In this section we’re exploring the ethics of unmanned systems. I try to be rigorous about calling them unmanned systems instead of ‘drones’ for a couple of reasons:
- It’s more accurate: When people think of drones they immediately think of remotely piloted planes, which are only a fraction of how unmanned systems are employed by the military and others. The moral implications are not constrained to Predators; and,
- It facilitates moral reflection: The term ‘drones’ is used rather pejoratively in some circles in a way that undermines ethical engagement by closing, rather than opening the discussion. #METC is about discussing these issues rigorously and professionally, and the terms we use can either hinder or help us in that pursuit.
That said, twitter is all about keystroke economy, so I’m sure many of you will continue to use ‘drones’ when what you mean is unmanned systems. I simply hope that from now on whenever you see or type ‘drone’ your brain flashes ‘unmanned system’. (And if any of you would like to have a chat about the gendered use of ‘unmanned’, please let me know. I’m happy to do so as soon as you pay off my mortgage. Until then, keep it to yourself.)
We’ll be covering a few different topics over the next two nights:
- Unmanned systems are simply a particular type of platform. While there are particular elements of unmanned systems that require specific moral and legal guidance much of our current moral and legal restraints govern their employment adequately. Remember, we’re talking about the systems themselves in this block; we discussed the targeting question in our previous two sessions. The issue is what is morally unique about having a pilot outside the cockpit / person away from the IED / etc.; most of the questions concerning lethality and the other sorts of things unmanned systems can do have already been figured out because we’ve already been doing them in combat.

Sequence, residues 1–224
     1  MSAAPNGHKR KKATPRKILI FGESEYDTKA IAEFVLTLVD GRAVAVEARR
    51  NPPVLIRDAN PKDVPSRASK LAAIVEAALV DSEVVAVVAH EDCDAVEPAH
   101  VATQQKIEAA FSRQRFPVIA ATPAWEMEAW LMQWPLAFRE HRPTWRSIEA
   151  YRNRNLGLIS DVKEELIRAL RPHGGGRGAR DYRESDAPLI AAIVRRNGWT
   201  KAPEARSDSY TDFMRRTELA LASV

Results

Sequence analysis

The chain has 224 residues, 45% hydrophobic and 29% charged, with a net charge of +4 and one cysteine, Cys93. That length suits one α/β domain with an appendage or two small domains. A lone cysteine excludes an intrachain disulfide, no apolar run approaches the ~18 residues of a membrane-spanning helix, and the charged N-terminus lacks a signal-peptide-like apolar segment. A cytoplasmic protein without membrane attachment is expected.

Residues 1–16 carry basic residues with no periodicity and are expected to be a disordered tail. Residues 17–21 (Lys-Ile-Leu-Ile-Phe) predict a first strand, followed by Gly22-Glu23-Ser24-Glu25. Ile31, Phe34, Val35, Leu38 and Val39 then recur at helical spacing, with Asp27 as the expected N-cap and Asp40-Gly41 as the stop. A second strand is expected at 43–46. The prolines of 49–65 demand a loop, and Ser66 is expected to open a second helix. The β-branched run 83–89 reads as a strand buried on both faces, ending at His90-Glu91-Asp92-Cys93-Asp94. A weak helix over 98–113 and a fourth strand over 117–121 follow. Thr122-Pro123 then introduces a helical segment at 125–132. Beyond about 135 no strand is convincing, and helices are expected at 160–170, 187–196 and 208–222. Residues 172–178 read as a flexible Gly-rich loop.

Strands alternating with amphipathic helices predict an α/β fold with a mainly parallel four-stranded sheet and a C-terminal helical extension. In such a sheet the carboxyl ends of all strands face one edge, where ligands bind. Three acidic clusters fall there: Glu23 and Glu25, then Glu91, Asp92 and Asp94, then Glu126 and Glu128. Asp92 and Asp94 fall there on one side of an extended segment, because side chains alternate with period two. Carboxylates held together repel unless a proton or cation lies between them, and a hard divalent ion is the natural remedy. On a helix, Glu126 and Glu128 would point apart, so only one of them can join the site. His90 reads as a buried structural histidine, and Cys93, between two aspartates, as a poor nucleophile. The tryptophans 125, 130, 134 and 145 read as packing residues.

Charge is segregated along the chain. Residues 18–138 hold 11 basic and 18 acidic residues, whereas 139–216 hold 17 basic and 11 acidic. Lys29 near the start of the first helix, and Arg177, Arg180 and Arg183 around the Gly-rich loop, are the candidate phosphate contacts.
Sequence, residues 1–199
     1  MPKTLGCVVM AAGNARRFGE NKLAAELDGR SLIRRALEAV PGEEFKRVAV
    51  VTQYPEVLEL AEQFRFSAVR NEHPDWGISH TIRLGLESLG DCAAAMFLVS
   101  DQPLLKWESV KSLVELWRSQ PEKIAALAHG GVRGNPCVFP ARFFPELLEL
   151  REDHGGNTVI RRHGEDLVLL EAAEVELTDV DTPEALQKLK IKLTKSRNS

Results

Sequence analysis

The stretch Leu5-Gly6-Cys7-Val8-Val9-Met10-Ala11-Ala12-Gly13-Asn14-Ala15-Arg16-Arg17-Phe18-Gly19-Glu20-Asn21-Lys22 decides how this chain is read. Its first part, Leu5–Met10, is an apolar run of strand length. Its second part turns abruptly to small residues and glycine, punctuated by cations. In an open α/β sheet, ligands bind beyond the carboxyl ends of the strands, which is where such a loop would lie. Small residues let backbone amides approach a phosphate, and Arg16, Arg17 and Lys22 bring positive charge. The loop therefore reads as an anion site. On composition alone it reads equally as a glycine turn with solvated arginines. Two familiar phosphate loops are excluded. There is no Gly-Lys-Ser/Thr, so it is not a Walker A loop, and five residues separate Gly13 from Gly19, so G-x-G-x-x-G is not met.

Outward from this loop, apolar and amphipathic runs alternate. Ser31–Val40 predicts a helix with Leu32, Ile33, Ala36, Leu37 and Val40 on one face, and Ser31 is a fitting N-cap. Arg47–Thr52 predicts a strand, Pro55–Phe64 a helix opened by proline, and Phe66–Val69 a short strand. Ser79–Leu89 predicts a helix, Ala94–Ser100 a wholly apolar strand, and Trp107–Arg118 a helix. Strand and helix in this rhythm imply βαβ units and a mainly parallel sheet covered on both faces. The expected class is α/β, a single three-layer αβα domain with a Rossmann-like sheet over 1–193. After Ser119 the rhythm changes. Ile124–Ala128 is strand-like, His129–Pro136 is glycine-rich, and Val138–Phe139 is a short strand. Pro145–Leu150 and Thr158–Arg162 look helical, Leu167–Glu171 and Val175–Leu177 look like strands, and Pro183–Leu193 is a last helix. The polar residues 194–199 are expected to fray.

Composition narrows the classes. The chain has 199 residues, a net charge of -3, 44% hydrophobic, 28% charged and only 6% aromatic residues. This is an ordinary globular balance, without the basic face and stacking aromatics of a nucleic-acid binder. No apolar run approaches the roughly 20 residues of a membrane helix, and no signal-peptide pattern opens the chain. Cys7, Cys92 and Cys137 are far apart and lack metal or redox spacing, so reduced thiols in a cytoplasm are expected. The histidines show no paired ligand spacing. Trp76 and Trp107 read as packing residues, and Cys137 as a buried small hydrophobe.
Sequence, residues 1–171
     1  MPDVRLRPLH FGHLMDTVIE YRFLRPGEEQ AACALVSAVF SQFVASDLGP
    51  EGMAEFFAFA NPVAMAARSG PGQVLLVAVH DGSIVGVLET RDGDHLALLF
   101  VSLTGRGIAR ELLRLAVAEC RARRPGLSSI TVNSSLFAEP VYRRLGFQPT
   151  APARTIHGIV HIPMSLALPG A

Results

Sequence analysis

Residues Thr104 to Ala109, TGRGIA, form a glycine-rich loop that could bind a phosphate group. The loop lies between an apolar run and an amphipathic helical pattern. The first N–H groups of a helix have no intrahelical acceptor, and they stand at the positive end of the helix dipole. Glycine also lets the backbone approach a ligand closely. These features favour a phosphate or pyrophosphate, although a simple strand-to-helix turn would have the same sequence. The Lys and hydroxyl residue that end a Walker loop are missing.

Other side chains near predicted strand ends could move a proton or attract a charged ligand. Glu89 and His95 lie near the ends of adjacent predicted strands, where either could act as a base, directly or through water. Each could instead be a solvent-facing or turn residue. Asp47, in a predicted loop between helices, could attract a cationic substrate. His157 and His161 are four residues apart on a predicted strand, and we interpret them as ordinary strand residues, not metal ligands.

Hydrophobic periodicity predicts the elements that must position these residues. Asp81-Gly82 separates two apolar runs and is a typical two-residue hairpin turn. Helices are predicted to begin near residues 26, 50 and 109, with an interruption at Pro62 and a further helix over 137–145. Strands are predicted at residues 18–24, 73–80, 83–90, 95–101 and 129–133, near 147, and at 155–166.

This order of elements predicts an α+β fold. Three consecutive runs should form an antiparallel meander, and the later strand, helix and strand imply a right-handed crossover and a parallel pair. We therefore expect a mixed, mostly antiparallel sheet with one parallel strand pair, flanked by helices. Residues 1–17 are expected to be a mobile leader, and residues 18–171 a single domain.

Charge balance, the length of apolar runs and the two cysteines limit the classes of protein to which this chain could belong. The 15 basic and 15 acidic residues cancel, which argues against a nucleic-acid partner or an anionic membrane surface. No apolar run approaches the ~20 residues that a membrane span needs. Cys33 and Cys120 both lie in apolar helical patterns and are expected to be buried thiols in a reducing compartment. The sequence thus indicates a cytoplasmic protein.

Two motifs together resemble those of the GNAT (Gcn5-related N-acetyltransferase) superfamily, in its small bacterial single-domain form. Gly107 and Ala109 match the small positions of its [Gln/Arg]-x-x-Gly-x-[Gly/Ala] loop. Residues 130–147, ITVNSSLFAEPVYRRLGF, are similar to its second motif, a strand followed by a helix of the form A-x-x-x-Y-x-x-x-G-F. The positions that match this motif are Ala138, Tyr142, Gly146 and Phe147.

- Even ‘unmanned systems’ is an inaccurate term; ‘remotely piloted’ is most precise for aviation assets. Who cares? We do, because while many moral questions have already been addressed with existing manned platforms, there are moral implications to having combatants physically removed from the battlespace. These questions explode in Technicolor when we shift the conversation from ‘unmanned’ to autonomous. Our reading from Ronald Arkin explores this issue.
- While it is important to focus on the limitations and moral challenges of unmanned systems, we will also explore the ways in which unmanned systems are morally preferable to their manned counterparts (All the pilots scream a hearty “HELL NO!” but there are strong moral arguments in their favor, as BJ Strawser lays out in his reading for this section).
- We talked about accountability when discussing targeted killings, but unmanned systems raise a similar issue – our moral commitments are socially created. The employment of unmanned, potentially autonomous systems raise important questions for how the United States (or any democracy) undergoes the process of public will formation with respect to moral questions. To phrase it as a question, how do we as a society think responsibly about the limits we place on ourselves in war?
We’ll run a poll tonight on how we want to run class tomorrow with the State of the Union. I think they’re pretty important to watch, especially as they contribute to topic area #4, but we’ll figure it out.